U.S. Cotton Outlook
Projected 2000/01 U.S. production, imports, domestic mill use, and exports are all reduced this month. Forecast production is reduced 1 percent due to a reduction in acres harvested in Texas. Domestic mill use is revised down 100,000 bales as August - November monthly mill use rates reflect a slowdown in textile consumption. Projected exports are reduced 4 percent based on lower production, weak year-to-date commitments, and reduced prospects for imports by China and Turkey. U.S. ending stocks are raised 5 percent to 4.1 million bales.
World Cotton Outlook
Global 2000/01 projections reflect higher production and ending stocks relative to last month. World production is raised 2 percent as a large increase for China and small increases for Sudan, Egypt, and Paraguay are partially offset by decreases in Pakistan and the United States. Forecast production for China is raised 2.0 million bales to 20.0 million bales, based on increases in both area and yield. Producers in Chinas east-central region appear to have shifted significant area from grain to cotton in 2000. Projected world consumption is virtually unchanged this month as increases in consumption for China and Russia are offset by decreases for Pakistan, Turkey, India, the United States, and Korea. The increases in Chinas consumption reflects strong year-to-date yarn production. World trade is reduced slightly. World ending stocks are revised up 4.8 percent, with China accounting for most of the change.
Cotlook A Index: The A-Index, a principal measure of international cotton prices, is an average of the five lowest quotes of cotton for delivery to Northern European ports. During December, quotes of Greek, Uzbekistan, African Franc Zone, Syria, and Spain were included in the Index. The Index averaged 65.87 cents per pound during the period, a 1.89-cent increase from Novembers 63.98 cents per pound average. The Syrian quote was the lowest in the Index over the four-week period, averaging 64.17 cents per pound. On Thursday, January 4, the A-Index was 64.95 cents per pound, a decrease of 0.80 cents from last months close of 65.75 cents per pound.
Futures Prices: Nearby March 2001 futures prices in December averaged 65.56 cents per pound, up 0.91 cents, from 64.65 cents per pound in November. However, on Thursday, January 4, the March 2001 contract settled sharply lower at 59.61cents per pound, a decrease of 5.62 cents from the previous months average. The May 2001 contract settled at 61.57 cents per pound, a decrease of 6.78 cents from the previous month. The stunning decline came in the aftermath of an official Chinese crop estimate that was almost 2 million bales higher than earlier estimates.
U.S. COTTON HIGHLIGHTS
Cotton Consumption: The seasonally adjusted daily rate of U.S. cotton consumption in November was 34,940 (480-lb.) bales, compared with Octobers level of 36,386. A total of 687,883 bales were consumed during the four weeks in November, compared with 768,900 in October (four weeks). The seasonally adjusted annualized consumption rate for the month of November was 9.12 million bales, down from Octobers 9.5 million.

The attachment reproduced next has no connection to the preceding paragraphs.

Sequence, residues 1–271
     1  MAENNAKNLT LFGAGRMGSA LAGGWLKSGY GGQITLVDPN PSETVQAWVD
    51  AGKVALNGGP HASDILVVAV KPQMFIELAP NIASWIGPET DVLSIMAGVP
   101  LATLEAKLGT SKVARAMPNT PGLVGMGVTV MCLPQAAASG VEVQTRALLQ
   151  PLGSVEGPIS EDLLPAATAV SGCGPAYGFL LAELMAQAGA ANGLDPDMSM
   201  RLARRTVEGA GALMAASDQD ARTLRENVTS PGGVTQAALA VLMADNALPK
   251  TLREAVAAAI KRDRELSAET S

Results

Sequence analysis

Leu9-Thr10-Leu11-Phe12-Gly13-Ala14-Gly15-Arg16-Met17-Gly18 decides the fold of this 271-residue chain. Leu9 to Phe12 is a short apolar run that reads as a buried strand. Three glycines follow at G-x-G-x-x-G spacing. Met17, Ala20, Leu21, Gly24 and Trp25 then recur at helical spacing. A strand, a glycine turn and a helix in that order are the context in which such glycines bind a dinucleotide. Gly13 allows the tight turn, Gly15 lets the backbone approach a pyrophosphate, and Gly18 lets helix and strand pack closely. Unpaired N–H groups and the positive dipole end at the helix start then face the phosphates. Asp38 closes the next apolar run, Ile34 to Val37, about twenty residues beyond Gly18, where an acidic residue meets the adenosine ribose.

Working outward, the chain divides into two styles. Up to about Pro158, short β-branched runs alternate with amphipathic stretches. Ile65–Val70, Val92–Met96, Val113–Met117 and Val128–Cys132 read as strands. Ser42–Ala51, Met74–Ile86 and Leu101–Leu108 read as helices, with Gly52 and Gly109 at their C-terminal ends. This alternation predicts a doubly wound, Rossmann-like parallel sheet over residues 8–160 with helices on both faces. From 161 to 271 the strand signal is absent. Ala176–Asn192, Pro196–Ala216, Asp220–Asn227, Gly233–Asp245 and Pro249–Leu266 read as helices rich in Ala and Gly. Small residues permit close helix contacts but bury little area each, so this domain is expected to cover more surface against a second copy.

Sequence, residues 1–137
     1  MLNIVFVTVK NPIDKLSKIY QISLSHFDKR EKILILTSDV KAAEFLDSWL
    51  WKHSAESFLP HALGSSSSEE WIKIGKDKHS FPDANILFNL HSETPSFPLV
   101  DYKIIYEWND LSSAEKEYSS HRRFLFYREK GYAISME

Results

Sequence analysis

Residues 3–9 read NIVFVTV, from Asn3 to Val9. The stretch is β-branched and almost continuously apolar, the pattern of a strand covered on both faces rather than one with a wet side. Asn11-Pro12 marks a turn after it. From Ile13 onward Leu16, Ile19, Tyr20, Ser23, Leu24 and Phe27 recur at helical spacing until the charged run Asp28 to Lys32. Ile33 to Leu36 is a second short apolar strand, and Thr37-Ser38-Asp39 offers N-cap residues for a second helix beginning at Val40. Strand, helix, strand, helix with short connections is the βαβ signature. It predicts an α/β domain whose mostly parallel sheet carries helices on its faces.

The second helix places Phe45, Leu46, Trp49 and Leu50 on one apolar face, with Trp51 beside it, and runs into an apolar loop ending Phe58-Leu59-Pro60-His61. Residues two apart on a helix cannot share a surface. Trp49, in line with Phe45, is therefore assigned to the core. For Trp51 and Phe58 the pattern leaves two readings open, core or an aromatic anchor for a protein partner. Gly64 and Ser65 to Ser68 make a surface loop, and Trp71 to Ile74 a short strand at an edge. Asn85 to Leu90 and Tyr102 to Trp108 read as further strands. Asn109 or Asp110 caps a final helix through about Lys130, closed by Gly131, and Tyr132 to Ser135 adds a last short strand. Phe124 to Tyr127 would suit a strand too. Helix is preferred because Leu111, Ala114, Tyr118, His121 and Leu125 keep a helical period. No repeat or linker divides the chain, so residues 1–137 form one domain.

Domestic Mills purchased a very light volume of cotton for first through third quarter 2001 delivery. Demand was best for color 41 and better, leaf 4 and better, staple 34 and longer, mike 35-49, strength 2 and higher. A few mills have canceled or delayed some cotton shipments. Interest in ring-spun yarn was good, while interest in open-end yarn was light. Demand for fine count yarns was moderate to good and for coarse count yarns was light to moderate. Sales of domestic denim fabrics were moderate; greige cloth, sales yarn, upholstery, print cloth and industrial fabric were light; mill sales of specialty yarns were very light. Most mills operated for six days. Some mills announced their holiday running schedule, taking anywhere from five to fourteen days off.
Cotton Stocks: U.S. cotton stocks on hand in consuming establishments at the end of November totaled 448,143 bales (480-lb), up from 436,973 in October. Stocks held in public storage and compresses in November totaled 11.23 million bales, up from 8.50 million in October. Active spindles in November totaled 4.20 million, of which 2.25 million were dedicated to 100 percent cotton, compared with 4.54 million for the same month last year, with 2.41 million dedicated to 100 percent cotton. Cottons share on the cotton spindle system was 79.4 percent in November.
U.S. cotton exports in October 2000 totaled 382,000 (480-lb.) bales, 46,000 bales above September 2000 exports of 336,000 and 215,000 above October 1999 exports of 167,000, according to the U.S. Bureau of the Census. The leading markets in October were Mexico, Canada, Turkey, Indonesia, Korea and Japan.
U.S. cotton imports in October 2000 totaled 3,600 (480-lb.) bales, 3,200 bales above September 2000 imports of 400, and 200 less than October 1999 imports of 3,800 bales. The major supplier in October 2000 was Egypt, with very modest imports from India and Mexico.